Probably it is because of that Usaf want so badly to get rid of A-10: it is a subsonic, low altitude plane that operate in benefit and in a dependant role to the Army and the USMC, while them want to go high, supersonic and in total indipendance, so to fight IS all for itself with the results everyone can see.

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IF with fighter designation you intend something akin to my own language Caccia or french Chasse: well nor F-111 , nor f-117 and either F-35 are really such a thing, in a certain way the F/A-18 would be a much more fitting designation for a plane that could operate with both roles but with aa definite twist about the A2G.

I thing one thing that determine to fighter designation is the ability to go supersonic: we use our AV-8+ primarly as a Caccia but the denomination staYed the same nevertheless.

Probably it is because of that Usaf want so badly to get rid of A-10: it is a subsonic, low altitude plane that operate in benefit and in a dependant role to the Army and the USMC, while them want to go high, supersonic and in total indipendance, so to fight IS all for itself with the results everyone can see.

Actually in my language the fighter is hävittäjä....which literally means annihilator....or something that makes things disappear...more or less.

Anyhow...was it ( F-117 ) capable to do a loop ?

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F-117 has the flight characteristics of an A-7. That is why several A-7Ds were outfitted as F-117 trainers.

Despite the name given to it by an aviation writer, it is certified to level 1 flying qualities and is rock steady during flight allowing the two infrared targeting turrets to stay on target.

And yes, it can loop and roll. Negative G flight is limited to 30 seconds to keep the oil sumps from running dry. Similar negative G restrictions are placed on other tactical jets.

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It seems like the Air Force largely abandoned the use of the attack "A" designator instead using the fighter "F" designator for fighter-bombers and strike aircraft. Of course those aircraft had some self-defense capability against enemy fighters while the F-117 was helpless if detected.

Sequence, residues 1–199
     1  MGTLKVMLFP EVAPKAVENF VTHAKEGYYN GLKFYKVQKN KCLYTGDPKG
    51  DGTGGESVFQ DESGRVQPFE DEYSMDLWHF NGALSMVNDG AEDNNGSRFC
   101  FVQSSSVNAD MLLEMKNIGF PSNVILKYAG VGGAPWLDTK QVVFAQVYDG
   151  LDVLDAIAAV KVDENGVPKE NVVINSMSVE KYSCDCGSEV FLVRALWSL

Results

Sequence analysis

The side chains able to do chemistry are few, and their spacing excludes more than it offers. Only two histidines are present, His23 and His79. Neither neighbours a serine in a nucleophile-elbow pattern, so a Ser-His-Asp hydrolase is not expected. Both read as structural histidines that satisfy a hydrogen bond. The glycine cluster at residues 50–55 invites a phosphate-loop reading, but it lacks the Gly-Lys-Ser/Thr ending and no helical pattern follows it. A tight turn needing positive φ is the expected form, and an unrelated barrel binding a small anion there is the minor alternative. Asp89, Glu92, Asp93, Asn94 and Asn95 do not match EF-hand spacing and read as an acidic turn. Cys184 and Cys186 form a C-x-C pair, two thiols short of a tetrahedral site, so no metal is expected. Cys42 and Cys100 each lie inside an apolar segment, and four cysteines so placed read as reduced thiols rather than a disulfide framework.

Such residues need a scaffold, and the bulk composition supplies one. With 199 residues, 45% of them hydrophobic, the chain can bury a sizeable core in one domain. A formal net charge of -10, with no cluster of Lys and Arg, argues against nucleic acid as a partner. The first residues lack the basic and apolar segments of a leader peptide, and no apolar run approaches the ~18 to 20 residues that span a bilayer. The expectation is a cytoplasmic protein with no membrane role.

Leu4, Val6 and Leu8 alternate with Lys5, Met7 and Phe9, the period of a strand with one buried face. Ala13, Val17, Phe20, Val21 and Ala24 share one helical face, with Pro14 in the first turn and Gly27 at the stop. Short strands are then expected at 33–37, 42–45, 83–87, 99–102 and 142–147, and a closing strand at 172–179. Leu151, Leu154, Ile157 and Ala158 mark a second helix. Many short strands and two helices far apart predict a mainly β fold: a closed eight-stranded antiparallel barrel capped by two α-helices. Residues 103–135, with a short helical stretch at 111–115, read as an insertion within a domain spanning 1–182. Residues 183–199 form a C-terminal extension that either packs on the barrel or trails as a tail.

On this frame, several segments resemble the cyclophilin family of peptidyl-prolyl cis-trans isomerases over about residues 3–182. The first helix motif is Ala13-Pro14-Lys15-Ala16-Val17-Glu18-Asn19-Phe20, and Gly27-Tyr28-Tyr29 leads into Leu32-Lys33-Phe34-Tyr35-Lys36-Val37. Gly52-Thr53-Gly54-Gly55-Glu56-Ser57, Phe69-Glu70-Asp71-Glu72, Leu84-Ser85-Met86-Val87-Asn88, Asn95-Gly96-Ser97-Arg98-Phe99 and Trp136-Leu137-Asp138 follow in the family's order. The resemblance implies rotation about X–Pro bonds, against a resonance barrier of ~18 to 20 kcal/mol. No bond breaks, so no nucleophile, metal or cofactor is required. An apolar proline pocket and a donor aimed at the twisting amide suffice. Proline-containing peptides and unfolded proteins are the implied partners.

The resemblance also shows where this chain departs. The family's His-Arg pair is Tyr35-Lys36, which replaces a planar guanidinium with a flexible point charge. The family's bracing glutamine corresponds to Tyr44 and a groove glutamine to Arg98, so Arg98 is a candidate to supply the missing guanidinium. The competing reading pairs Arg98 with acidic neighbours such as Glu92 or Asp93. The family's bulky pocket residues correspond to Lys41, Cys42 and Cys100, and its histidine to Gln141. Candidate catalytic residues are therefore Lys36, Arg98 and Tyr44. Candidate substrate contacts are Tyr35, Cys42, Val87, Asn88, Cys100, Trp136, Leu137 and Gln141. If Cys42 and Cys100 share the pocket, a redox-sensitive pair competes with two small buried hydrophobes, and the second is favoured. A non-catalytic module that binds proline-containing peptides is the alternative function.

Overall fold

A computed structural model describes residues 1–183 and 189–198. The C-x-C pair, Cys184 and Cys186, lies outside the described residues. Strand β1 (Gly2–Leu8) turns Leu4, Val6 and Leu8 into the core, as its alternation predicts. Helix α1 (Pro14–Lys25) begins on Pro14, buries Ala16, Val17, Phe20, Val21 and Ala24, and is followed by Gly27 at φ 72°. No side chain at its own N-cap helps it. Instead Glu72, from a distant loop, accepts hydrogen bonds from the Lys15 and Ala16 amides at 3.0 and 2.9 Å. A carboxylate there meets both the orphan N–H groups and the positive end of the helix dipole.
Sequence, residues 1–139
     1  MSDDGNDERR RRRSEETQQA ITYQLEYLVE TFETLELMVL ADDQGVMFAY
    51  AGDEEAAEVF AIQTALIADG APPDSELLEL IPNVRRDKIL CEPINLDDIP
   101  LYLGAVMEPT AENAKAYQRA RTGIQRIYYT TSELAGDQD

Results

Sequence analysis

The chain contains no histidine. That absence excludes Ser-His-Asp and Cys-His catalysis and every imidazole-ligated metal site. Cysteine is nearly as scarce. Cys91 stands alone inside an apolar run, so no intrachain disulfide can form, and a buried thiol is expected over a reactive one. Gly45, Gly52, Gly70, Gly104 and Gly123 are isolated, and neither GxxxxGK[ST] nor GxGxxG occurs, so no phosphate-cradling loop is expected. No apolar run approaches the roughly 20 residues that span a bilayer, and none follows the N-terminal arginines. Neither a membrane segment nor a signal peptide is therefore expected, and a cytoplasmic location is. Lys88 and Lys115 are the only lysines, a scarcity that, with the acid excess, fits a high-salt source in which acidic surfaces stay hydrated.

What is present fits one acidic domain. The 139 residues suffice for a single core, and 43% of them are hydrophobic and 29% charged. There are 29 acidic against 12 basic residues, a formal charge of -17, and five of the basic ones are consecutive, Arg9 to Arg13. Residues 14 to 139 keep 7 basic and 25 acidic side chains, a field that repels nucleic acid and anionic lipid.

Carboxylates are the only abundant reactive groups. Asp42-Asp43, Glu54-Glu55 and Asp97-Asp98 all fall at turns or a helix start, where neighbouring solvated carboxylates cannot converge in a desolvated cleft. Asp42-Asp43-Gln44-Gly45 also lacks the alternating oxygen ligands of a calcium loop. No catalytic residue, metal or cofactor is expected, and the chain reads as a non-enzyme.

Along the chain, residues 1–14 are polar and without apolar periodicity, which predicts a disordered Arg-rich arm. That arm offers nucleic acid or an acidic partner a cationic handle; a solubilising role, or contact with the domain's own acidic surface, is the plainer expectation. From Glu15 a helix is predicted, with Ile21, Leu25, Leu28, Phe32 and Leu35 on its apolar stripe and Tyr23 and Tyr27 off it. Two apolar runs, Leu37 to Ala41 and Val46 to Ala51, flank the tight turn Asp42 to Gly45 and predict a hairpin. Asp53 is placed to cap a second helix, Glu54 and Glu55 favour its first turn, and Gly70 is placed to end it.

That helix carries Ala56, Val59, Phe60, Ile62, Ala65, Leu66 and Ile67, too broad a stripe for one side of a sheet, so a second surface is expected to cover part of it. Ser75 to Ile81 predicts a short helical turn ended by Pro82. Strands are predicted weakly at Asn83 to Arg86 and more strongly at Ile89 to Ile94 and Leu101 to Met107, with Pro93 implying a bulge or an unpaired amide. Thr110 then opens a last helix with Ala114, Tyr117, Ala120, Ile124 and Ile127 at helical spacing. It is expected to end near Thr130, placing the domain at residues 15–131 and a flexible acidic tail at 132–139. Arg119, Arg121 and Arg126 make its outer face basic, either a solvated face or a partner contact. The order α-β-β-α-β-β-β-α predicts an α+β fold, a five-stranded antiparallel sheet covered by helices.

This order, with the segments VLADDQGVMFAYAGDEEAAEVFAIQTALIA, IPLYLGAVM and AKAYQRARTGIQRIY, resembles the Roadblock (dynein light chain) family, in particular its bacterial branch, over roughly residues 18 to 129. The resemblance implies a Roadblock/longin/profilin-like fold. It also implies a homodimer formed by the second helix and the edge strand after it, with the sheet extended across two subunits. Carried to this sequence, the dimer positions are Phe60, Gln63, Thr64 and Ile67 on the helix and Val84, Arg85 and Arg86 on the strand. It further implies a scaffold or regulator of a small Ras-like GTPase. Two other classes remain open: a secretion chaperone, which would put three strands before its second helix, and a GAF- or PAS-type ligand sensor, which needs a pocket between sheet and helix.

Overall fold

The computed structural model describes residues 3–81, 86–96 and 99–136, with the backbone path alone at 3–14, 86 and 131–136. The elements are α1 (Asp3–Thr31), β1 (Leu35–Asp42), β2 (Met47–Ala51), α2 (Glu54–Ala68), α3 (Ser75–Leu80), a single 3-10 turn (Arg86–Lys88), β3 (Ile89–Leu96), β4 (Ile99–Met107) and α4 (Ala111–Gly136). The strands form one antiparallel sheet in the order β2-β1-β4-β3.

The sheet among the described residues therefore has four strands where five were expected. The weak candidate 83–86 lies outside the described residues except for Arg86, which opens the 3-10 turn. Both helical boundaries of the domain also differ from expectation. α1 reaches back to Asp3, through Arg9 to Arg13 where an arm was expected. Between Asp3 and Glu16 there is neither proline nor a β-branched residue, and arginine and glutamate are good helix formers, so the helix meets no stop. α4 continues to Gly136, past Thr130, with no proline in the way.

What should the aircraft's designation have been? Tough to say. But even by Air Force standards calling it a fighter doesn't make much sense. Of course the designation isn't all that important when the aircraft is still a secret to the world.

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The A- designation was mainly a Navy thing ....

A-20 Havoc
A-26 Invader
A-10

Plus, of course -
A-1
A-7

Plenty of A-s flown by the USAAF & USAF.

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F-117 has the flight characteristics of an A-7. That is why several A-7Ds were outfitted as F-117 trainers.

Despite the name given to it by an aviation writer, it is certified to level 1 flying qualities and is rock steady during flight allowing the two infrared targeting turrets to stay on target.

And yes, it can loop and roll. Negative G flight is limited to 30 seconds to keep the oil sumps from running dry. Similar negative G restrictions are placed on other tactical jets.

I never saw it loop or roll in any of the videos. But if you say so I believe ya.

Did it have chaff and flares....jamming systems ?

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A-20 Havoc
A-26 Invader
A-10

Plus, of course -
A-1
A-7

Plenty of A-s flown by the USAAF & USAF.

True about the USAAF, but remember the A-1 and A-7 were originally Navy designed adapted to USAF requirements.

The A-26 Invader is messy, having first been the A-26, then re-designated B-26 (not to be confused with the Martin B-26 Marauder used in WWII) then re-designated A-26 again during its career in Vietnam.

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A-20 Havoc
A-26 Invader
A-10

Plus, of course -
A-1
A-7

Plenty of A-s flown by the USAAF & USAF.

Flown yes, but how many aircraft got the A- designation assigned by the USAF?
A-37 and A-10 (plus A-29) come to mind.
In fact, wiki says about the A-45, the last A-aircraft under to old pre 1962 designation system: "It was originally designed as a bomber for the United States Army Air Forces under specification V-8237-1 and was designated XA-45. The "A" ground attack classification was eliminated the next year, and the XB-51 designation was assigned instead."
From A-1 to A-12 under the new system, only A-9/A-10 were Air Force projects. Then there are the out of sequence examples A-26, A-29, A-37 with the A-29 not in USAF service and the A-37 of course a convenient redesignated T-37. I guess calling it an F-37 would have been too much.

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F-117 has the flight characteristics of an A-7. That is why several A-7Ds were outfitted as F-117 trainers.

Sorry, I said A-6, I couldn't remember which.:eagerness: